Although in the case of a pandemic outbreak, the engineering of vaccines has an accelerated path for development and large-scale manufacture, the minimum time period required to make a safe, effective vaccine still remains several months to a year. Currently, among SARS-CoV-2 vaccine technologies, vaccines composing of RNA represent faster, more potent, and increased safety in administration, as compared to traditional vaccines. Unlike a normal vaccine, RNA vaccines work by introducing an mRNA sequence, which directs the synthesis of proteins. The mRNA in the vaccine codes for specific viral proteins, and once these proteins are deliberately built in the body, the immune system is able to recognize them, mount a response, and gain a significant advantage in overcoming the war between the virus and the body.
Presently, mRNA-1273 is the first RNA vaccine candidate against SARS-CoV-2, that is being tested for safety and immunogenicity, which is the ability to induce an immune response in healthy human volunteers. It would still take a year for the vaccine to be commercially available.
Repurposing drugs that are designed to treat other conditions could be a near term hope for Covid-19 patients
In an urgent need to save patient’s lives and to attenuate the symptoms of COVID-19, which become life-threatening, researchers are hunting for existing drugs that could be quickly repurposed to fight the infectious respiratory disease. These include drugs that have been used to treat malaria and autoimmune diseases, anti-viral drugs that are developed for other viruses, and antibodies from people who have recovered from COVID-19.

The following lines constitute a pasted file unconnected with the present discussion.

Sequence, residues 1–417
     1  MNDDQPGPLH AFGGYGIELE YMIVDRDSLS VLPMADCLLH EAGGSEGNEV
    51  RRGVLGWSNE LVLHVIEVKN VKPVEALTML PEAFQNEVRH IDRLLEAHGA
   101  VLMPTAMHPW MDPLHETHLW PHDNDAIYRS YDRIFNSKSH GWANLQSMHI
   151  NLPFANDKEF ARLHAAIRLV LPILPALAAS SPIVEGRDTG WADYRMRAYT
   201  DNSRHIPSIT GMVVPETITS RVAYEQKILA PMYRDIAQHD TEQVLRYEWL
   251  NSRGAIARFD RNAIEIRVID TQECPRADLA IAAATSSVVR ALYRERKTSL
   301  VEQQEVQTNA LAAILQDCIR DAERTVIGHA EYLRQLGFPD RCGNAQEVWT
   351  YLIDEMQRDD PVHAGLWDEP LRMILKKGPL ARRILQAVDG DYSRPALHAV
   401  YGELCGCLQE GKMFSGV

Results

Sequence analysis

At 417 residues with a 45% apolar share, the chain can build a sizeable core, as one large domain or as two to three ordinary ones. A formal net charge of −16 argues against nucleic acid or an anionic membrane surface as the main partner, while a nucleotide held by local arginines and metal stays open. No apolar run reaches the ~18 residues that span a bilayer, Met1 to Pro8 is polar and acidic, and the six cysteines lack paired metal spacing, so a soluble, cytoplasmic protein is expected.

Drugs that are repurposed are chloroquine and hydroxychloroquine products which have been approved by FDA. Both medications have been successfully used to treat inflammatory diseases such as Rheumatoid Arthritis and Lupus. However, both medications can also cause severe side effects if not administered properly. Anti-viral drugs that are available (used for treatment of Ebola) are put in nationwide clinical trials to determine whether they can be administered to COVID-19 patients.
Individuals who recover from COVID-19, contain antibodies against SARS-CoV-2 in their blood. A remarkable feat of the immune system that enables us to fight flu and other infections, these antibodies are produced that bind specifically to the virus, and help immune cells eliminate it from the body. These antibodies can be transferred to severe COVID-19 patients by plasma, a component found in blood. The donor antibodies are anticipated to help the patient overcome the illness and help recovery. This approach seems promising in the near future and is currently being performed in Mount Sinai Hospital, New York in an effort to treat patients suffering from severe life threatening COVID-19 complications.
In today’s modern era of scientific advancement and progress, researchers are still racing to find a cure for COVID-19. However, as Muslims were taught 1400 years ago by the Holy Prophet Muhammad (saw) our ultimate healing and cure comes from the One God, our Creator, As-Shaffee (the Healer), who is Allah the Almighty. The healing for the pandemic illness of today is no different, and one should remain steadfast on this conviction, exercising calm and patience in every kind of misery, be it physical or mental, for this is the standard of Islamic faith.
Allah the Almighty draws our attention to such a personal relationship between the Creator and the creation in the following verse of the Holy Qur’an:
“And when I am ill, it is He who cures me” (Holy Quran, 26:80)
This verse directs every believer that it is Almighty Allah that will heal all sorts of ailments.
Our beloved Master Holy Prophet (saw) encouraged people to seek medical intervention, alongside relying on the power of prayer. The Holy Prophet(saw) “Every disease has a cure. If a cure is applied to the disease, it is relieved by the permission of Allah.” (Sahih Muslim)